“We’ve been forged in the fires of Beethoven,” declares Jennifer Kloetzel, Cypress String Quartet cellist. After a distinguished two-decade run, the Quartet—whose other members are violinists Cecily Ward and Tom Stone and violist Ethan Filner—is capping its legacy with a series of free concerts across San Francisco under the umbrella title “Beethoven in the City.” “Not a week has gone by in the past 20 years that we haven’t played, talked about, rehearsed or recorded this music,” Kloetzel says.
The series comprises 16 string quartets of Ludwig von Beethoven that span the composer’s life. They are arguably the most intimate and personal of his works, offering a spiritual journey of Western culture. Cypress will play each of the quartets in a “pop-up” concert in 16 different locations in the city. read more »
Cypress Quartet Starts Its Farewells with Beethoven and a New Dan Coleman Opus
March 14, 2016
Dan Coleman’s clever and quite beautiful world premiere work for the Cypress String Quartet could well have been titled the “Permutations Quartet,” as he exploited the various combinations of duets and trios available in the new opus, methodically presenting one after the other. He has a gift for highly lyrical and alluring counterpoint, giving the illusion of musicians’ total effortlessness. Each one is equally into thematic material; there is no accompaniment as such. His sound is totally consonant, but it brings out his own voice in this piece entitled String Quartet No. 3 (“together, as the river”), quoting a Louise Glück poem. read more »
Source: Alaska Dispatch News
February 4, 2016
When Anchorage lovers of chamber music hear the two sextets by Johannes Brahms this weekend, they’ll be getting a sneak preview. Most of the performers will reunite to record the pair of masterworks later this spring.
The Cypress String Quartet has made a reputation over the past 20 years with fine playing and cutting-edge commissions; they’ve logged thousands of concerts around the world and produced at least 15 albums. The extra cellist in both the Anchorage performance and the recording will be Zuill Bailey, the director of the Alaska Classics chamber music series and the Sitka Summer Music Festival. Former festival director Paul Rosenthal will play the additional viola part in Anchorage. (It will go to Barry Shifman when the pieces are recorded in an upcoming live performance.) read more »
February 6, 2016
Although all three concerts in the Alaska Airlines Winter Classics chamber music series sold out before it opened, additional seats have been put onstage. On Friday night some were added to the sides of the balcony. It’s a narrow, somewhat precarious location, but one was pleased to see the UAA Recital Hall full.
Friday’s program opened with Debussy’s fiery Cello Sonata in D Minor. Zuill Bailey, accompanied by pianist Eduard Zilberkant, made the most of the cello part, which is one of the most emotionally charged pieces in the literature, full of angst and fury. There have been other times when a solo string instrument shared the stage with a piano that had its lid all the way open, and the result was that one struggled to hear the string. That was not the case here. The cello more than held its own. In places, it boomed. read more »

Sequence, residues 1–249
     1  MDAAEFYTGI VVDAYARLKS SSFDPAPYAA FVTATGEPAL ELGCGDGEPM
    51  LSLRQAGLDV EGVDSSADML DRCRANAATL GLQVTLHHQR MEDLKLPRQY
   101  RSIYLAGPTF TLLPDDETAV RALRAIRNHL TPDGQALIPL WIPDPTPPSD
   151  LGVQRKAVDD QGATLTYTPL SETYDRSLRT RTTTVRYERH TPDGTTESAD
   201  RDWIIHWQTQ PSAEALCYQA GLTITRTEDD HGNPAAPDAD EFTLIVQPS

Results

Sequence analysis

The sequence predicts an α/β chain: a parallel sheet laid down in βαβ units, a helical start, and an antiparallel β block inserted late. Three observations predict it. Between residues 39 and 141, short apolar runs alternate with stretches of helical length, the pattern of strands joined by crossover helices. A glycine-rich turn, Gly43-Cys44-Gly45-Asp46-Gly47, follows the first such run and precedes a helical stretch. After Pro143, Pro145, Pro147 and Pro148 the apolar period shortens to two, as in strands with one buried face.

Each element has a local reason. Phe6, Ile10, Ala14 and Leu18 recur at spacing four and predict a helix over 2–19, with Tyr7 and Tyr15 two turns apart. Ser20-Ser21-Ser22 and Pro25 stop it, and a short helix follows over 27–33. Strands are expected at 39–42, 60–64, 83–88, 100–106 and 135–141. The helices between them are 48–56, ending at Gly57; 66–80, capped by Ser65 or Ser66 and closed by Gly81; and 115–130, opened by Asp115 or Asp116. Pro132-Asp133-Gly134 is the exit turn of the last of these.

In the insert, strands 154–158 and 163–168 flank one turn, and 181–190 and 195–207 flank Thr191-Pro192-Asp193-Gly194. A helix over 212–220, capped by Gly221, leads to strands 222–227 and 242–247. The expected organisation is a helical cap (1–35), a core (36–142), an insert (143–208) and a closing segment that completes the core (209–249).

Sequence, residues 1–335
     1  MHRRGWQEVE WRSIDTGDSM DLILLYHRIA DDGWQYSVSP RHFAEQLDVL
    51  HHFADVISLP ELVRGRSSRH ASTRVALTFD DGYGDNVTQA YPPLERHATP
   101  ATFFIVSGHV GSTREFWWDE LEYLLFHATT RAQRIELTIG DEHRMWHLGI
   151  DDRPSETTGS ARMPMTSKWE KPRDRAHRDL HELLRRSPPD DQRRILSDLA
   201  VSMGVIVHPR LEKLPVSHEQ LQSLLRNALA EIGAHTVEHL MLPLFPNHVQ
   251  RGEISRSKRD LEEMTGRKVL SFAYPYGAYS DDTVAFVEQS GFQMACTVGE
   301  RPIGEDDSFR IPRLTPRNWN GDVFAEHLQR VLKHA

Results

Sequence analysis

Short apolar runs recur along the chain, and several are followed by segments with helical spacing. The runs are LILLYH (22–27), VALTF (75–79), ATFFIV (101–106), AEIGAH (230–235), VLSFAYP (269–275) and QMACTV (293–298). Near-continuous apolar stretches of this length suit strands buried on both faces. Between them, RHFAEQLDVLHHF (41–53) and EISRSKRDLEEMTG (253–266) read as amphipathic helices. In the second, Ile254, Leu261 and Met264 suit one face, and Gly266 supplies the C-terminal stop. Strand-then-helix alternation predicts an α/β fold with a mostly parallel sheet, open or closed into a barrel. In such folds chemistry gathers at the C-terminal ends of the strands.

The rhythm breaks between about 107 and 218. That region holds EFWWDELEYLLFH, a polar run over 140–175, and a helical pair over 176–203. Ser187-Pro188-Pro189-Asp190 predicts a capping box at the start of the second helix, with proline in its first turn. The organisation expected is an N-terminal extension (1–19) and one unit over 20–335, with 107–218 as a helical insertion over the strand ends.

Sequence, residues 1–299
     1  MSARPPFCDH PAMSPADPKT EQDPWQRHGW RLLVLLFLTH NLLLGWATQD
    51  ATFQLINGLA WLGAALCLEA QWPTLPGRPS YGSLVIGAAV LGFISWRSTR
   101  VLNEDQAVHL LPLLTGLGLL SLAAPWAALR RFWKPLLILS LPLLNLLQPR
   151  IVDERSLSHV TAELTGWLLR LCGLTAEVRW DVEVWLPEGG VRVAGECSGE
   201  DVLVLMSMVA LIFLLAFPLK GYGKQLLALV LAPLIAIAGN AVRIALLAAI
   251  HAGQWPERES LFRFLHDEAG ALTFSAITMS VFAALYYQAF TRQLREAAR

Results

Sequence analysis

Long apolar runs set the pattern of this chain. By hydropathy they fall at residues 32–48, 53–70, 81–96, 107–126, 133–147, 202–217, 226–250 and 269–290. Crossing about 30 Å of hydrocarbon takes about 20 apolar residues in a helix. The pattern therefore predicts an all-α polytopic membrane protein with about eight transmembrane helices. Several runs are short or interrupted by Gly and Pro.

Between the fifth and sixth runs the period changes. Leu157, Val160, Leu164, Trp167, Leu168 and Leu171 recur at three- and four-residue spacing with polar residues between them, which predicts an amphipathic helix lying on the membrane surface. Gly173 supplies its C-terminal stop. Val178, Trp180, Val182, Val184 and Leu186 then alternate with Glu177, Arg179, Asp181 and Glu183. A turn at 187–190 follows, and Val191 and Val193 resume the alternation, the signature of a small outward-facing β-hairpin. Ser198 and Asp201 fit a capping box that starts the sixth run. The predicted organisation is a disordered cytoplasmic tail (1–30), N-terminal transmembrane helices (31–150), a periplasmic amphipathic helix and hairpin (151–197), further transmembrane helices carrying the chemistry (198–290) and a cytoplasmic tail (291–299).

After 20 years the Cypress String Quartet is coming to music’s end. The last notes will be played in a farewell concert in the Green Room of the War Memorial Building on June 26.
The denouement includes a series of three Bay Area concerts (Brahms Sextets), February 12 – 14, as well as month-long Beethoven celebration in May, in San Francisco where the group Is based.
The current quartet, a nonprofit organization, includes violinists Cecily Ward and Tom Stone; violist Ethan Filner; and cellist Jennifer Kloetzel, who spoke with us recently about the decision to stop. read more »
January 27, 2016
After 20 productive years, San Francisco’s noted Cypress String Quartet is disbanding, playing its farewell concert June 26 in the Green Room of the War Memorial Building.
The globe-trotting foursome, whose accomplishments include its innovative Call & Response program — they commissioned and premiered works by contemporary composers responding to familiar chamber pieces — decided to call it quits “after a great deal of reflection and discussion,” according to its announcement. “The quartet agrees that it is the right time for them to move on and explore new artistic territories as individuals.” The group, which consists of violinists Cecily Ward and Tom Stone, viola player Ethan Filner and cellist Jennifer Kloetzel, caps its career with the release of its final recording, the complete Beethoven quartets, on Avie Records in May. And to thank the supportive hometown crowd, it plans to play all 16 of those quartets during a monthlong series of performances at venues across San Francisco.